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Pastor ready for the next step

Ordination: Scott Basolo of Santa Clarita Baptist Church officially becomes leader of congregation

Posted: November 19, 2010 10:01 p.m.
Updated: November 20, 2010 4:55 a.m.

Santa Clarita Baptist Church Senior Pastor Scott Basolo, left, poses with Dr. John MacArthur, president of The Master’s College and Grace Community Church pastor, during Basolo’s ordination ceremony Sunday. Basolo has served as leader of the Canyon Country congregation for two years, and the ordination ceremony serves as an official acknowledgem...

Pastor Scott Basolo of Santa Clarita Baptist Church has a simple goal he tries to achieve through his ministry.

“My desire is to honor God’s word, serve him and help people do that too,” the leader of the Canyon Country congregation said.

And this week, Basolo took the final step toward formal recognition of being a pastor during his ordination ceremony Sunday.

Although Basolo has been leading the church for the last two years, this ceremony served as an official acknowledgement for the pastor.

Basolo was hired as the senior pastor of Santa Clarita Baptist Church when Pete Mothershead retired. Mothershead served as pastor for more than 25 years. Basolo assumed the position shortly after his graduation from the seminary in Sunland.

“I try to build on the 30-year foundation that Santa Clarita Baptist has by helping people grow in love and understanding of God’s word,” said Basolo of the two-year period prior to his ordination.

The ceremony
More than 75 percent of the congregation turned out for the ordination ceremony, along with pastors from other local churches and The Master’s College and the seminary, which came as a delight to Basolo.

During the Sunday ceremony, the attendees sang one of Basolo’s favorite hymns, “The Great Redeemer’s Praise,” and Basolo gave a testimony of his salvation and his calling.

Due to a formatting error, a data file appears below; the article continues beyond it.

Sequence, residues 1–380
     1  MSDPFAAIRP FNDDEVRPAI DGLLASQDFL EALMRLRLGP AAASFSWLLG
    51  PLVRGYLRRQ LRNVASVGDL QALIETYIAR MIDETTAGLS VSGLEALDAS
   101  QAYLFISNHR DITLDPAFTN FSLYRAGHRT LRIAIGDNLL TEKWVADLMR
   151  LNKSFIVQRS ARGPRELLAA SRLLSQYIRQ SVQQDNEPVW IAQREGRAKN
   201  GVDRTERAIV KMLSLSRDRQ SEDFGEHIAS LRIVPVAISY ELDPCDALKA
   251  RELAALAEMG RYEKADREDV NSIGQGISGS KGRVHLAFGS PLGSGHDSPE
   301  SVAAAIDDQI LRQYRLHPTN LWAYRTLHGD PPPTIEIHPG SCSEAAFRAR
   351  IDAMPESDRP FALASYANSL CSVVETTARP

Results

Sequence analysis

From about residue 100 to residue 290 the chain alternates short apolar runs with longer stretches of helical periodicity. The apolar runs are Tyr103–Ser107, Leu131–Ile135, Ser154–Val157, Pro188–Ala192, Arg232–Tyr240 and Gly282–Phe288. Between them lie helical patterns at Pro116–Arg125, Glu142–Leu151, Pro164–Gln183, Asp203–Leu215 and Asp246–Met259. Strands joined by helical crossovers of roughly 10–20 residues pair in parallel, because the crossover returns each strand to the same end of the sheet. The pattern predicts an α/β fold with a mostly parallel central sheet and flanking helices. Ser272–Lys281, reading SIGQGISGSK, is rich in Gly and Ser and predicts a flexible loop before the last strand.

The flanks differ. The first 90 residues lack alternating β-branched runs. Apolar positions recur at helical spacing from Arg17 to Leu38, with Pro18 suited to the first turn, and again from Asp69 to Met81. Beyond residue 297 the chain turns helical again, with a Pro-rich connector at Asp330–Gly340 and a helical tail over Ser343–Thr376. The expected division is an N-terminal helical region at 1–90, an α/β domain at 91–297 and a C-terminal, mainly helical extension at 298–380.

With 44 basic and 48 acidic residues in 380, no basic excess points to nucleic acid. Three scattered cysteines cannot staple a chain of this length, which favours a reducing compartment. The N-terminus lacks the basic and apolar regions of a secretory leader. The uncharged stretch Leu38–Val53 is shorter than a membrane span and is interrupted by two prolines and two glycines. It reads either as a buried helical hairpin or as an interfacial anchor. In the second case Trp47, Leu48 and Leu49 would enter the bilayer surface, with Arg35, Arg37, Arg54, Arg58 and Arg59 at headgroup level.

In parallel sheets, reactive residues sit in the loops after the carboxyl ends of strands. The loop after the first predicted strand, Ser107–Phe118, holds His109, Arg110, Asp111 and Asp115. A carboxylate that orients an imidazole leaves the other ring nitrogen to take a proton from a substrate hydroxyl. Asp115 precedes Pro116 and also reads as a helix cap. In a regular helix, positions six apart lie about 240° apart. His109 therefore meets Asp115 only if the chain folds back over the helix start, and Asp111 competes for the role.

Also in attendance was Dr. John MacArthur, Grace Community Church pastor and nationally renowned author and radio broadcaster, who delivered the ordination message.

“I am so thankful he would make time to come to the service, words cannot convey,” Basolo said. “He has blessed my life in so many ways.”

MacArthur is also the president of The Master’s College and Seminary and was influential to Basolo during his time as a student at seminary.

The review process
The ordination is a formal acknowledgment and recognition ceremony for a pastor, Basolo said. The process can be requested after a pastor has been with his congregation for at least a year. Although Basolo was officially licensed after graduating from seminary school in 2008, the ordination offers a formal pronouncement.

“I have been studying for this for weeks,” Basolo said.

The process consists of a formal council that examines the candidate regarding general knowledge of the Bible, theology and practical biblical counseling.  The review process, held last Saturday, took more than four and a half hours to complete and involved questioning from over 2,500 different Bible verses.

Questions were also geared towards his spiritual life to ensure he maintains purity in his own life, Basolo said.

After deliberation, the council makes the official recommendation for ordination and a ceremony follows.

Lasting memories
Basolo recalls the moment the council gave his recommendation as significant and touching. The recommendation was given by Dr. Robert Thomas, a professor at Master’s seminary and a renowned scholar.

“He is one of the foremost scholars alive today,” Basolo said. “I was floored. It was a vote of confidence to know that he gave the recommendation. I am so blessed by God.”

Another sentimental moment for Basolo was the commissioning prayer during Sunday’s ordination. During the prayer, senior pastors MacArthur, Terry Spear and others put their hands on Basolo and prayed for him.

“It was a pretty powerful moment — very special,” Basolo said.

Different calling
The church and Basolo have made adjustments over the last few years in order to aid the transition after Mothershead’s retirement. The growth process has been significant, said Basolo.

“The effects of God’s word to change people’s lives are powerful when they obey it,” Basolo said.

He attributes his growth to a deeper understanding of God’s word, and an effort to honor each of his called roles as pastor, husband and father.

“You don’t understand the work of the minister until you are one. It is an intensely different job,” Basolo said. “But as long as I am faithful to the Lord, he will help me do all I can."


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